“Well, maybe you were able, Senator, to fake this thing. How can we believe what you say? After all, is there a possibility that maybe you got some sums in cash? Is there a possibility that you may have feathered your own nest?” And so now what I am going to do-and incidentally this is unprecedented in the history of American politics-I am going at this time to give this television and radio audience a complete financial history; everything I’ve earned; everything I’ve spent; everything I owe. And I want you to know the facts. I’ll have to start early.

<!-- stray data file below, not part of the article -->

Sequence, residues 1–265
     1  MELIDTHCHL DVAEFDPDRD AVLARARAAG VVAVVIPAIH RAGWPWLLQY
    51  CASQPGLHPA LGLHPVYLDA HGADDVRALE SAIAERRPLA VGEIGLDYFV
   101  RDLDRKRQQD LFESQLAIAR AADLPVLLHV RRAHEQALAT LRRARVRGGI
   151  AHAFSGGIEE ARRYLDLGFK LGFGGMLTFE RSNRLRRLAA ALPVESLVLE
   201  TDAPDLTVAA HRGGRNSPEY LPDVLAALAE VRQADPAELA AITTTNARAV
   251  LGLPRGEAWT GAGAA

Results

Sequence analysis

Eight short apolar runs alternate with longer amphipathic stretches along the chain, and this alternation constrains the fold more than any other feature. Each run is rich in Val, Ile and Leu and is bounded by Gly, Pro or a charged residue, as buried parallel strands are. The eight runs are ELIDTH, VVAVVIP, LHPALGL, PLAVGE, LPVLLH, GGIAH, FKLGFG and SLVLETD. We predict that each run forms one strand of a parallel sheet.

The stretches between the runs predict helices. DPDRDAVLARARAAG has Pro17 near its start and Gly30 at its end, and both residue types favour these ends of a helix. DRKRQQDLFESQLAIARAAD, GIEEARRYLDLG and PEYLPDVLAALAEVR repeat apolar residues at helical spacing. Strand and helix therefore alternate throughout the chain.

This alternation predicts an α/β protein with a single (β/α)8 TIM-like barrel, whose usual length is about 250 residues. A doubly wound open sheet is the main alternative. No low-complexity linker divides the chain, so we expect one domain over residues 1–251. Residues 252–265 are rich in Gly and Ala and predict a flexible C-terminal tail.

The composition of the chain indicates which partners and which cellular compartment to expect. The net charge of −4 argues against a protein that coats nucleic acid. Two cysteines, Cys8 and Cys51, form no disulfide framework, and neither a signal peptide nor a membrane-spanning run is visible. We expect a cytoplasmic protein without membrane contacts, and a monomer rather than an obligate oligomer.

Democratic National Committee Chairman Stephen A. Mitchell called for Nixon's resignation from the ticket, saying that "Senator Nixon knows that [the Fund] is morally wrong. General Eisenhower knows that it is morally wrong. The American people know that it is morally wrong."  On the other hand, Republican Senator Karl Mundt called the story "a filthy maneuver by left-wingers, fellow travelers, and former communists".  Nixon issued a written statement explaining that the fund was to pay political expenses, in lieu of charging them to the taxpayer.  Newspapers printed increasingly lurid accounts of the Fund and its beneficiary. The Sacramento Bee termed Nixon "the pet protégé of a special interest group of rich southern Californians ... their front man, if not, indeed, their lobbyist."  The Pasadena Star-News , meanwhile, reported that one contributor had been appealed to on the grounds that the Nixon family needed a larger home and could not afford a maid.